Department of Psychology

General Experimental Psychology

The General Experimental Program is designed to provide graduate education in the content areas of experimental psychology in order to prepare for doctoral work or for Master's level careers. The program is designed for students interested in pursuing academic careers as well as those seeking careers in applied and research settings.

Areas of Concentration

There are several areas of concentration available;

  • Neuroscience
  • Developmental Psychology
  • Industrial/Organizational Psychology
  • Learning/Cognitive Psychology
  • Social Personality Theory

About the Program

The core courses and seminars cover basic areas of psychology, including quantitative and research methods, learning, cognitive, physiological, social, personality, and developmental psychology. Students are required, as a capstone project, to complete a research thesis.

The program follows an apprenticeship model of graduate education and therefore draws from a range of experiences inside and outside of the classroom. There is a strong emphasis on research training, experience, and scholarship. All students are strongly encouraged to be involved in research under the direction of faculty and to participate in research labs and interest groups.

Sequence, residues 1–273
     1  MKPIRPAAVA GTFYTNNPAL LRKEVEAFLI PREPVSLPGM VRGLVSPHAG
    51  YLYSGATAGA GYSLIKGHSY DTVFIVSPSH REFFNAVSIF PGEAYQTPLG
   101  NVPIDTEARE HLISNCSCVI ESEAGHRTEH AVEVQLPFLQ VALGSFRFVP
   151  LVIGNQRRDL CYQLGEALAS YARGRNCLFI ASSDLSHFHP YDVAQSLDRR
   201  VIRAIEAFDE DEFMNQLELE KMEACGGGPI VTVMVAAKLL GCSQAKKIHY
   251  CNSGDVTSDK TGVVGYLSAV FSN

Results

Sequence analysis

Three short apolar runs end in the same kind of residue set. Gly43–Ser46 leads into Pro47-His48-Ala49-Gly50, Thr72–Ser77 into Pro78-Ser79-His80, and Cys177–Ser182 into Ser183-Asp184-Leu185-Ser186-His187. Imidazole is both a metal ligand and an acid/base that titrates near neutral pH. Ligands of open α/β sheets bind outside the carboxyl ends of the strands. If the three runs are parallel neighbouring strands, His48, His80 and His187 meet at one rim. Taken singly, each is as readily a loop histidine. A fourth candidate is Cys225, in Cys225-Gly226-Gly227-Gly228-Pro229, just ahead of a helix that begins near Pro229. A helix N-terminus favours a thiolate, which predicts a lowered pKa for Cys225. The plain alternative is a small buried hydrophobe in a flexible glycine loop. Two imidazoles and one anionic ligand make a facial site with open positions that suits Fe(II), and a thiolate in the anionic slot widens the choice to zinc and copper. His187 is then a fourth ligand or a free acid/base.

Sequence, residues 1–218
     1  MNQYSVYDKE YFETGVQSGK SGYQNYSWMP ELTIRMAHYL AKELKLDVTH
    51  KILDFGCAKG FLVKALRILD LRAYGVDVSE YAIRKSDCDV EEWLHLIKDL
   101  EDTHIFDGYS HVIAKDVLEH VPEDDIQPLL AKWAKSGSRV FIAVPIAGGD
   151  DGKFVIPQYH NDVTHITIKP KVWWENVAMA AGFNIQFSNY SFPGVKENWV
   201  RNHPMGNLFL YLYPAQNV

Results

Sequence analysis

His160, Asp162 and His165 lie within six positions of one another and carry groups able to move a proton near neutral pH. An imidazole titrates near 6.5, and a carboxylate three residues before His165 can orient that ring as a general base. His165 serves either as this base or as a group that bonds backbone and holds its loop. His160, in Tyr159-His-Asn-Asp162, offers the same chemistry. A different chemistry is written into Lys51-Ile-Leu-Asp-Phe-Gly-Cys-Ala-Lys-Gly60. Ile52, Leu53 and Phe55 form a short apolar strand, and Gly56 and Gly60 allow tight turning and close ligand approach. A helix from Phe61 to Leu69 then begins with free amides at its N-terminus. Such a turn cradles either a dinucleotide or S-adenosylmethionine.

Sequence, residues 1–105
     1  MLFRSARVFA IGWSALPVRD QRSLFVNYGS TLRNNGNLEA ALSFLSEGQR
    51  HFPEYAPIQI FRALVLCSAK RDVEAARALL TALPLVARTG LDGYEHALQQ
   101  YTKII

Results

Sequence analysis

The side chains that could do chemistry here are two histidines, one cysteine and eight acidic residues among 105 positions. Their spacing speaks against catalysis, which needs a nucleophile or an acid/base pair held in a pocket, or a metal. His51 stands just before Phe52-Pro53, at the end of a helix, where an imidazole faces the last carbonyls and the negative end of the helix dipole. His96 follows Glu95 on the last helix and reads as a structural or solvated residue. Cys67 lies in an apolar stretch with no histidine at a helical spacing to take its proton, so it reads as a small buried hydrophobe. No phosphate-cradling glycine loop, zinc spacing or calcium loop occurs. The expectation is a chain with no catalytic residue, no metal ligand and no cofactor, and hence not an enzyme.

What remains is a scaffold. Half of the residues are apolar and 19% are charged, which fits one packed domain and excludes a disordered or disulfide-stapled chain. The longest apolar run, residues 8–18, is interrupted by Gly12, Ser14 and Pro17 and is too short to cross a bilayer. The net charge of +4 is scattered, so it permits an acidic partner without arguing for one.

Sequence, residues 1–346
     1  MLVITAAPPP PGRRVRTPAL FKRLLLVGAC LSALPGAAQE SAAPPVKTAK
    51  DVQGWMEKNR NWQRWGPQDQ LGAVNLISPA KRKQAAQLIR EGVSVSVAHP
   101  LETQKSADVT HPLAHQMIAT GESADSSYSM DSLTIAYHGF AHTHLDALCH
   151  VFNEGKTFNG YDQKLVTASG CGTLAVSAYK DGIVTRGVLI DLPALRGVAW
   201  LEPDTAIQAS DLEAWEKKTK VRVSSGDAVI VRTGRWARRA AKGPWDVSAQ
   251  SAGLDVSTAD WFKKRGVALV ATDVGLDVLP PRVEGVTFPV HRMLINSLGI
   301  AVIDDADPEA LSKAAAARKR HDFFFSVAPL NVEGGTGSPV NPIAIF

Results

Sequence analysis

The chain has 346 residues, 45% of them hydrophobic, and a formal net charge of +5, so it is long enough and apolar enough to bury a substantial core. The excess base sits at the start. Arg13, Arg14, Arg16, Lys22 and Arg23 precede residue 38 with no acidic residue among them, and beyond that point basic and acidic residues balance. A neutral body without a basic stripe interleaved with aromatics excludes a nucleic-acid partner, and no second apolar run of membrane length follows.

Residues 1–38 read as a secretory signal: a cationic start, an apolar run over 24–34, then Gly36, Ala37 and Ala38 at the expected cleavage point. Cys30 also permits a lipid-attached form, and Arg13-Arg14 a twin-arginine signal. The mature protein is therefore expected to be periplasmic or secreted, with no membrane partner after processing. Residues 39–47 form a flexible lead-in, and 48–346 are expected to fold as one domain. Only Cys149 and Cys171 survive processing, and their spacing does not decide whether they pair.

Preparation for Further Study

Doctoral programs often prefer students with the training and experience provided by the Master of Science program. Approximately half the students completing the M.S. degree enter doctoral programs throughout the country.

Faculty members and the Program Coordinator actively guide and assist students in doctoral program selection and/or job placement. Of those graduates who elected not to pursue a doctoral degree, the majority hold positions that make use of their training in psychology. These include positions at community colleges, laboratories using behavioral and physiological research methodologies, social service agencies, business, industry, and government.

Learning Environment

All graduate courses have an enrollment of 15 or fewer students, which facilitates close communication and intellectual stimulation among participants. A total of 32 graduate units is required for the Master of Science degree, and it typically takes one to two years for a student to complete the degree. Admissions are available in both Fall and Spring semesters.